End of the Road

Alice Springs, Northern Territory

14 April 2005


Well, this is it. Here in Alice Springs, I'm just another tourist. Just a couple weeks ago, on the Oodnadatta Track, I was a tourist ATTRACTION, appearing in photos and videos taken by tourists from around the world.



I have found some interesting diversions. Alice Springs has a "Desert Park", along the lines of the Tucson Desert Museum, though much smaller. Most impressive were the free-flying hawks trained to fly in and put on a show. The wedge-tailed eagle must be as large as the North American bald eagle. (I saw many of them along the way.)


Alice Springs also has a fancy new arts center where, it turns out, a fine Australian pianist was performing, so I got to hear some Mozart and Brahms. That was a pleasant change from my home-made music.


Not quit finished riding, I then took a three-day trip east along the McDonnell Range to Traphina Gorge National Park. It's an easy ride of 80 km each way, and I have pleasant memories of the place from 1994. There's good water there, so I didn't have to carry it all with me. Unfortunately, it wasn't as pleasant this time. I knew it would be hot, but I didn't expect swarms of feral honey bees. Desperate for water, they swarm any possible source, which includes sweaty mammals trying to read in the shade. The day after I arrived, I did a hike in the morning, planning to relax in the shade all afternoon. It wasn't very relaxing. The dingoes did put on several great performances that night, though. The next day, I left early to ride back to Alice Springs.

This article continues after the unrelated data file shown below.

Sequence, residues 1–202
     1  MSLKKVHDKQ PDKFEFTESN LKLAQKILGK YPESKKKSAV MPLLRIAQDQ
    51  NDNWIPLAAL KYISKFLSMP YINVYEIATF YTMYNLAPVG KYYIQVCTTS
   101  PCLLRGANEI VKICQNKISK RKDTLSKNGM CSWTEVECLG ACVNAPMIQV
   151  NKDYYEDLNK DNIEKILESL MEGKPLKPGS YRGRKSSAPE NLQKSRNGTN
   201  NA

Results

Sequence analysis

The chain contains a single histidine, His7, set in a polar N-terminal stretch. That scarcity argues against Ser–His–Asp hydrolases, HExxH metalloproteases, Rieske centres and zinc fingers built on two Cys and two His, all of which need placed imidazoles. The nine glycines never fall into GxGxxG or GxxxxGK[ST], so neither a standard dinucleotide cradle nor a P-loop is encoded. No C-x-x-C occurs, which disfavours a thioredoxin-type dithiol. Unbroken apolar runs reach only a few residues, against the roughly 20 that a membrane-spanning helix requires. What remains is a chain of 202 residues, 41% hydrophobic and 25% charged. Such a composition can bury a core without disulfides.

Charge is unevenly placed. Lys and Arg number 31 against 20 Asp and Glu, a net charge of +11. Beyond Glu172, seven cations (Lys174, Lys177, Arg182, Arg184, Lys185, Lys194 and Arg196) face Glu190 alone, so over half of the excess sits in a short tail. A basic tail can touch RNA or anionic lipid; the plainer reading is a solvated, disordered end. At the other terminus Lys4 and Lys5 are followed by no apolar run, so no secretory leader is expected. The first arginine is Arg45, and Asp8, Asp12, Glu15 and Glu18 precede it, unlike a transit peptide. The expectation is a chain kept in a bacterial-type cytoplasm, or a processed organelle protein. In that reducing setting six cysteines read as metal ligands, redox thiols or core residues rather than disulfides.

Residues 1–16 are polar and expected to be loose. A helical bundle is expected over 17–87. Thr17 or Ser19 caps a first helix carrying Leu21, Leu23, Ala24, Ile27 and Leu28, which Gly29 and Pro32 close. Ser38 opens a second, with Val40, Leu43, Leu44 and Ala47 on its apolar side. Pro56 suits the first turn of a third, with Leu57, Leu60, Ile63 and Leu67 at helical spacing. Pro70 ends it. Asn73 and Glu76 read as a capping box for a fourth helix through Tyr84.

Now starts preparation for the trip home. I rented a cabin for a few days, mainly to have a place to practice and make reeds. Soon the bike will be back in the box and all the gear packed.


Now for a summary:


The total distance on the bike was just over 9,000 km, about 1,000 on gravel roads. I had just 4 punctures, 3 caused by thorns, one unknown. I know there are those who scoff at factory-built wheels, but mine are still true, with no adjustment. On the worst of those gravel roads, the bike carried as much as 130 kg. (That includes the bloke turning the pedals.)


(Those who aren't interested in the technical details of the bike can skip a couple paragraphs.)